In the Köppen climate classification, Aruba features a tropical savanna climate. Temperature varies little from 28 °C (82.4 °F), mostly around 33°C, moderated by constant trade winds from the Atlantic Ocean, which comes from north-east. Yearly precipitation barely exceeds 400 mm (15.7 in).
The capital and largest city of Aruba is Oranjestad. the population of Aruba stand at approx. 100.000 inhanbitants. Aruba's population is estimated to be 80% mestizo and 20% other ethnicities. Recently there has been substantial immigration to the island from neighboring American and Caribbean nations, possibly attracted by the higher paid jobs. In 2007, new immigration laws were introduced to help control the growth of the population by restricting foreign workers to a maximum of three years residency on the island. Demographically, Aruba has felt the impact of its proximity to Venezuela, far more so than neighboring Curaçao and Bonaire. Much of Aruba's families are present by way of Venezuela and there is a seasonal increase of Venezuelans living in second homes.
The official languages are Dutch and – since 2003 – Papiamento. Papiamento is the predominant language on Aruba. A creole language spoken on Aruba, Bonaire, and Curaçao, it incorporates words from other languages including Portuguese, West African languages, Dutch, and Spanish. Like many islands in the region, Spanish is also often spoken. English has historical connections (with the British Empire) and is known by many; English usage has also grown due to tourism. Other common languages spoken based on the size of their community are Portuguese, Chinese, German and French. The last is offered in high school and college, since a high percentage of Aruban students continue their studies in Europe.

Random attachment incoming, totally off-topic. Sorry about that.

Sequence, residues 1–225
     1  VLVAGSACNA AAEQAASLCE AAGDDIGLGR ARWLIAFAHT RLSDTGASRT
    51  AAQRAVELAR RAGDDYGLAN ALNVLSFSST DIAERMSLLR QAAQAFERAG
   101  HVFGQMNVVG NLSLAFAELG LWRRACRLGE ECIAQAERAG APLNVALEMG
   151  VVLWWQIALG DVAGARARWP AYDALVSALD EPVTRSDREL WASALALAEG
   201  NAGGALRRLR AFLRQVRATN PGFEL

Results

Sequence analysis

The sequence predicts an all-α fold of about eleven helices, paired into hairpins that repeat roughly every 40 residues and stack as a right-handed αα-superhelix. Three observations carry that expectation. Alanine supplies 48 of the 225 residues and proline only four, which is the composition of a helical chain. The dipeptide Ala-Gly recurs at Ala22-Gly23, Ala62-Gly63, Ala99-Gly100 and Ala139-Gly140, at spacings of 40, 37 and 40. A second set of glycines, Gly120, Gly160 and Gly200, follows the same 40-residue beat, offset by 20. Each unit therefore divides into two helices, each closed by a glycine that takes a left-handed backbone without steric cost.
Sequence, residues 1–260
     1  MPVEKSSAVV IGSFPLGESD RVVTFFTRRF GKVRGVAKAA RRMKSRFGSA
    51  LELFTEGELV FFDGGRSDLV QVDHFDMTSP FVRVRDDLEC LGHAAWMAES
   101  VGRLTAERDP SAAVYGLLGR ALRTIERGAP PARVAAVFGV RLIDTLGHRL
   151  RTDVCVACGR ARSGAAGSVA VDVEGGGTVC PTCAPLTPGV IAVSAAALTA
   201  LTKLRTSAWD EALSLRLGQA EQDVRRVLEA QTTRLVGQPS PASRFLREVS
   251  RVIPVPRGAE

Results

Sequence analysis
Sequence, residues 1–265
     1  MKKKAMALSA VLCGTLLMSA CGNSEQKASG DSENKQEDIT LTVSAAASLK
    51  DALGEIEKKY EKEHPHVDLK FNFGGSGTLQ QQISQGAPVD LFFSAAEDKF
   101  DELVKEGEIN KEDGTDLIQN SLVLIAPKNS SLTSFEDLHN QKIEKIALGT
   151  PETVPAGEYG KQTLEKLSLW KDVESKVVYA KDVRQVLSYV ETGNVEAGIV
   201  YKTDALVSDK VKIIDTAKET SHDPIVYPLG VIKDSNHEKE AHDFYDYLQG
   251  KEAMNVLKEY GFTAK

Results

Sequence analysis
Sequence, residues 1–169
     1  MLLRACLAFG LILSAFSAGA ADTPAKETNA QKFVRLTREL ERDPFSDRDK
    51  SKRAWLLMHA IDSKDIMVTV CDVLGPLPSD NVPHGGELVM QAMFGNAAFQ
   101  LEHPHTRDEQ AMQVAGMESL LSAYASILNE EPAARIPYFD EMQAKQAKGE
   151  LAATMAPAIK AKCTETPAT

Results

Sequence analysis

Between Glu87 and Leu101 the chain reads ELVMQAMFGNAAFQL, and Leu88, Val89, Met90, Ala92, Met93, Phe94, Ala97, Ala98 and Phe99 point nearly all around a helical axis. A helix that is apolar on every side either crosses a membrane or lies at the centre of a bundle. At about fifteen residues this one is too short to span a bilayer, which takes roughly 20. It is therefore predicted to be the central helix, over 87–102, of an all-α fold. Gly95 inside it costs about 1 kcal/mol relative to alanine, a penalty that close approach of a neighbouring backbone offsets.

The monetary unit of Aruba is the Aruban Florin (AWG). The official rate at which banks accept US dollar banknotes is Awg. 1,77 and checks at Awg. 1,78. The rate of exchange granted by shops and hotels ranges from Awg. 1,75 to Awg. 1,80 per US dollar.
US Dollars are widely accepted in Aruba, and banks may exchange other foreign currency.
The Aruban legal system a civil law system and is based on the Dutch model. Instead of juries or grand juries, in Aruba, legal jurisdiction lies with the Court of First Instance on Aruba (Gerecht in Eerste Aanleg), the Joint Court of Justice of Aruba, Curaçao, Sint Maarten, and of Bonaire, Sint Eustatius and Saba (Gemeenschappelijk Hof van Justitie van Aruba, Curaçao, Sint Maarten en van Bonaire, Sint Eustatius en Saba) and the Supreme Court of Justice of the Netherlands (Hoge Raad der Nederlanden).
The Caribbean Netherlands collectively refers to the three special municipalities (officially public bodies) of the Netherlands that are located overseas, in the Caribbean: Bonaire, St. Eustatius and Saba or the BES islands.
Geography, Climate & Demographics
Bonaire is part of the ABC islands within the Leeward Antilles island chain off the Venezuelan coast. The Leeward Antilles have a mixed volcanic and coral origin.